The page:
Review: The Terms of My Surrender

This show goes unexpectedly very gay at the end. No Michael Moore isn’t gay (heaven forfend), but there are several delicious, completely apolitical, payoffs at the finale, which made this an even more satisfying evening for me. The Terms of My Surrender was already pretty satisfying, as I am definitely a part of the anti-Trump choir that Moore is preaching to in this often funny, often disturbing dolled-up political rally.

Because, make no mistake about it, much of Terms is what you’d expect: an anti-Trump screed, by turns despairing and gleeful. But ultimately it is more than that, it’s a call to action in the most general of terms. Moore exhorts his audience to get involved in the political process any way they can, and uses stories from his own life – mostly from before his career as a famous filmmaker and author – to drive home the truth that one person can make an enormous difference, and you don’t have to be famous or wealthy to do it. Moore’s own journey began with a trip to a vending machine to get a bag of Ruffles chips; beginnings don’t get more humble than that.

He even gives you a remarkably easy way to begin making that difference, which I will link to here: the website and app Together with Moore, I urge you to go there now and start being part of the solution. And definitely go see Terms of My Surrender, it is a marvelous and surprisingly entertaining bit of encouragement in these dark days. Recommended.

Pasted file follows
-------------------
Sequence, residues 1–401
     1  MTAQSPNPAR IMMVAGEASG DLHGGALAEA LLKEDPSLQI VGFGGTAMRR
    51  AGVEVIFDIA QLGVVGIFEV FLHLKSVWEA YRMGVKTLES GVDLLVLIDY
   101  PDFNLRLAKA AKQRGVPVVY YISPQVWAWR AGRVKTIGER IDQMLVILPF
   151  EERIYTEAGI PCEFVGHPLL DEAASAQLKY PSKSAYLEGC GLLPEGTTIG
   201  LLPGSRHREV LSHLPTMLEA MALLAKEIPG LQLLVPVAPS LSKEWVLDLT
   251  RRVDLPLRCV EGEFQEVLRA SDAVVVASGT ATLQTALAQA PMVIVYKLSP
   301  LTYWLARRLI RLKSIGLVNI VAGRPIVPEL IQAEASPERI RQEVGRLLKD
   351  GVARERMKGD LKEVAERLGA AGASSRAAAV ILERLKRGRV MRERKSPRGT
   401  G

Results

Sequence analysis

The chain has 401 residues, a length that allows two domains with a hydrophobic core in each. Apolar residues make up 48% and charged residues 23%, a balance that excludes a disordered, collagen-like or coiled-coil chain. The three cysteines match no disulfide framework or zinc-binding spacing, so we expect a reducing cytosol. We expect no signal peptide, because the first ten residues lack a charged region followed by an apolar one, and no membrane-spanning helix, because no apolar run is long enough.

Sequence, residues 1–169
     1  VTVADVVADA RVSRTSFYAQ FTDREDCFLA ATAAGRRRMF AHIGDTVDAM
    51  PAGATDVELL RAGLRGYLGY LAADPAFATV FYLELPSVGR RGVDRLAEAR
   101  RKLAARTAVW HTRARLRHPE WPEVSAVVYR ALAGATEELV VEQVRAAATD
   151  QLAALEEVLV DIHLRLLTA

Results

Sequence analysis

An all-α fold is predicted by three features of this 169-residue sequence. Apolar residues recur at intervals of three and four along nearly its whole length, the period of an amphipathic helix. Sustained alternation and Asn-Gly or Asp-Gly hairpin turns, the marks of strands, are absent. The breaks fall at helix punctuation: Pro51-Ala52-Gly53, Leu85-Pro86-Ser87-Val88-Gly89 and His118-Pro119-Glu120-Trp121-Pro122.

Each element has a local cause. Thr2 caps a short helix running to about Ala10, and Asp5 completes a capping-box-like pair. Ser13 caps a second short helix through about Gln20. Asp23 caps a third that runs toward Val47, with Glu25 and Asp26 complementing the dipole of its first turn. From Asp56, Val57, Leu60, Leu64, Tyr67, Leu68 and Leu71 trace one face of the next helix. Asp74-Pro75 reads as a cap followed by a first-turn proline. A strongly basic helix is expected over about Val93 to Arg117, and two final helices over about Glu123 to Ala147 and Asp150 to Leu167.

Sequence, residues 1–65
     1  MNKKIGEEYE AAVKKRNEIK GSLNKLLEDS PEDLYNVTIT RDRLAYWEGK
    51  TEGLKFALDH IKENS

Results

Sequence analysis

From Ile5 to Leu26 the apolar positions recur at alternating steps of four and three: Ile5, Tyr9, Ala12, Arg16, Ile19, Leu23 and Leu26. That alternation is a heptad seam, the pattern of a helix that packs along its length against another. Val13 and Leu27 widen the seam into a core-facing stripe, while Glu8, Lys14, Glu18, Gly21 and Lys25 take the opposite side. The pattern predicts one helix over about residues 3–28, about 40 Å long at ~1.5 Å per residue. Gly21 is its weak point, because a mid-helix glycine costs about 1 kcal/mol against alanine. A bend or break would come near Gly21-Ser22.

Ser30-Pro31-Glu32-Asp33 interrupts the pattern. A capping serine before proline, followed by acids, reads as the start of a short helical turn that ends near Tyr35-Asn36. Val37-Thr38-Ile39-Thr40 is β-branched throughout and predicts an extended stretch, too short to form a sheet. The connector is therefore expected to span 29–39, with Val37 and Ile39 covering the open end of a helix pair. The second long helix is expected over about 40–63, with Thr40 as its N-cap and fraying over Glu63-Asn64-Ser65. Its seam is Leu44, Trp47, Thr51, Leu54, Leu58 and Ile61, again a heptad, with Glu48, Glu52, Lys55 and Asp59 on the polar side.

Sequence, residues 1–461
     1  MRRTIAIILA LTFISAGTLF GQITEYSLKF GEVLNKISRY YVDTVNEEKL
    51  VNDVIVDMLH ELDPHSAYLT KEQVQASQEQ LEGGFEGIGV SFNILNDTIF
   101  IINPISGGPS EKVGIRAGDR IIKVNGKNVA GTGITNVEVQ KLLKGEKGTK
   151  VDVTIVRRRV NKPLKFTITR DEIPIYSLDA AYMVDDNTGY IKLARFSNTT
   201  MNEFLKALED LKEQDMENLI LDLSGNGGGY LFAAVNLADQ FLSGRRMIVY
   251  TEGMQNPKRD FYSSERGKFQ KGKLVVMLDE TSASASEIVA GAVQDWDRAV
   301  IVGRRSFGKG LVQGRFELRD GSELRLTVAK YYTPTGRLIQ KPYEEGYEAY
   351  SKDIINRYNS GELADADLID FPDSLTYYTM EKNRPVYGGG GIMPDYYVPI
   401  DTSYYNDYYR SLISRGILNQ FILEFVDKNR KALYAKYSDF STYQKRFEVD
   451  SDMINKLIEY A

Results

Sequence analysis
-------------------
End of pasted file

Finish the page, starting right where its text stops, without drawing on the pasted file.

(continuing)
For tickets, click here.

To learn about Jonathan Warman’s directing work, see

Review: Nellie McKay

Nellie McKay is a highly individual talent, a supreme stylist, with wild, crazy creativity and substantial musical intelligence to match her razor-like interpretive ability. To mark the 50th anniversary of the book Silent Spring – the first major expose of pesticides in the environment – McKay has put together a special show about its author Rachel Carson, the trailblazing environmentalist.

The key word in that last sentence is “special” – this is cabaret as only Nellie McKay could do it. She does the entire act while literally playing the role of Rachel Carson, right down to period-accurate costumes and props. And period-accurate music and speaking styles as well. I’ve noticed her perfectionist sense of history before, but it has never been on as complete display as it is in this act.

She also knows when to break out of time and place to make a point. She performs Neil Young’s 1970 song “Ohio” while enacting Carson’s study of the effects of pesticides on birds in the 1950s. Through using the anachronistic song, McKay subtly makes the point that Carson was way ahead of her time. And the musicianship is beyond reproach – there are occasional off-key harmonies, but those are also clearly stylistic choices as well.

The act is so complex, in fact, that it seems decidedly under-rehearsed. This is experimental performance art meeting high society cabaret, and is very much a case of immensely talented people stretching their abilities to their limits. That it is as swimmingly successful as it is, is no small achievement.

McKay’s combination of irony and heart-on-sleeve sincerity is utterly unique, her performance style multifarious and unpredictable. She’s a true original, and it’s an exceptional pleasure to see and hear her take such exciting risks in such an intimate setting.

For tickets, click here.